|The Assembly Rooms, where |
Jane Austen once danced, now
host the Fashion Museum.
|An anachronistic afternoon tea at the|
Jane Austen Centre, under the
supercilious gaze of Mr. Darcy.
That innocent joy is communicated in her early novel Northanger Abbey (and her later discomfort with Bath can be felt when one reads Persuasion).
|While her father still lived, Jane's family|
enjoyed rooms in one of these
middle-class townhouses on Sydney Place.
|Now a peaceful park, Sydney Gardens |
hosted concerts and fireworks in Jane's
day, much like Vauxhall in London.
After Bath, we visited Winchester, Jane's final resting place. The cathedral is lovely and peaceful. It is not as overwhelmingly grand as those of Canterbury and York. Winchester's declining importance during the High Middle Ages means that it wasn't completely refurbished. Part of the old Norman cathedral (with its Romanesque arches and 12th-century frescoes) is still extant. Its crypt has always been empty of tombs and chapels, since it has always been prone to flooding (the cathedral was deliberately built over a holy well, which sits directly under the altar).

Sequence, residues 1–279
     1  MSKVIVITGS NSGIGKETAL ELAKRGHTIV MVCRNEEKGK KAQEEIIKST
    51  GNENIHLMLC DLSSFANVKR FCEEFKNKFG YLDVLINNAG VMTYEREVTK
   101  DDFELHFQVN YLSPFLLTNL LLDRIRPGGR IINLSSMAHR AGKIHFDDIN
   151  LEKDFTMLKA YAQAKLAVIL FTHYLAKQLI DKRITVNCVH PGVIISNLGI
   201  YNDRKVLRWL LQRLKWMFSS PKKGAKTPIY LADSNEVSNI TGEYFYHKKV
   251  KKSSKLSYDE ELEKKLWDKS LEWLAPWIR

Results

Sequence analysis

|Jane's austere tomb, in the Cathedral floor.|
The church has a warm, lived-in feel that I cannot quite describe. While other great historic churches fill the pilgrim with a sense of awe, Winchester Cathedral filled me with a sense of welcome. It also has a magnificent library upstairs (where sections of the famous Winchester Bible can be seen). Although Westminster Abbey is a more prestigious place for authors to be interred, I think Winchester Cathedral is a better choice.
|This brass plaque on the wall and a memorial|
stained glass window were added later in the
19th century, after Jane's fame had grown.